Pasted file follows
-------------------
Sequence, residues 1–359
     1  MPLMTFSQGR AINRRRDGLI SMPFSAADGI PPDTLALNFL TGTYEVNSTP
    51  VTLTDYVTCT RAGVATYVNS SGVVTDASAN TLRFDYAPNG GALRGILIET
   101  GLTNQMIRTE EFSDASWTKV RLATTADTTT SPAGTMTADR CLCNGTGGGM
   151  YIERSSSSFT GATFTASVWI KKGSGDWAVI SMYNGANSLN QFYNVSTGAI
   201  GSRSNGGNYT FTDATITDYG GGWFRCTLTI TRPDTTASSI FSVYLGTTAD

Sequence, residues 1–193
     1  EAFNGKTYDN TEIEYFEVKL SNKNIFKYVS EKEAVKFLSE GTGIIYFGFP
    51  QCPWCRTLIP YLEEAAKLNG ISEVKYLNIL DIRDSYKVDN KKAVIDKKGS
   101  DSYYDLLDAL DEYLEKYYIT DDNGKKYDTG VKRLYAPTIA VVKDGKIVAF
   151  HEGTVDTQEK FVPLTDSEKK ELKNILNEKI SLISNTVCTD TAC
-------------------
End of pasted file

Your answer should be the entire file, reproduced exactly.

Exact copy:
Sequence, residues 1–359
     1  MPLMTFSQGR AINRRRDGLI SMPFSAADGI PPDTLALNFL TGTYEVNSTP
    51  VTLTDYVTCT RAGVATYVNS SGVVTDASAN TLRFDYAPNG GALRGILIET
   101  GLTNQMIRTE EFSDASWTKV RLATTADTTT SPAGTMTADR CLCNGTGGGM
   151  YIERSSSSFT GATFTASVWI KKGSGDWAVI SMYNGANSLN QFYNVSTGAI
   201  GSRSNGGNYT FTDATITDYG GGWFRCTLTI TRPDTTASSI FSVYLGTTAD

Sequence, residues 1–193
     1  EAFNGKTYDN TEIEYFEVKL SNKNIFKYVS EKEAVKFLSE GTGIIYFGFP
    51  QCPWCRTLIP YLEEAAKLNG ISEVKYLNIL DIRDSYKVDN KKAVIDKKGS
   101  DSYYDLLDAL DEYLEKYYIT DDNGKKYDTG VKRLYAPTIA VVKDGKIVAF
   151  HEGTVDTQEK FVPLTDSEKK ELKNILNEKI SLISNTVCTD TAC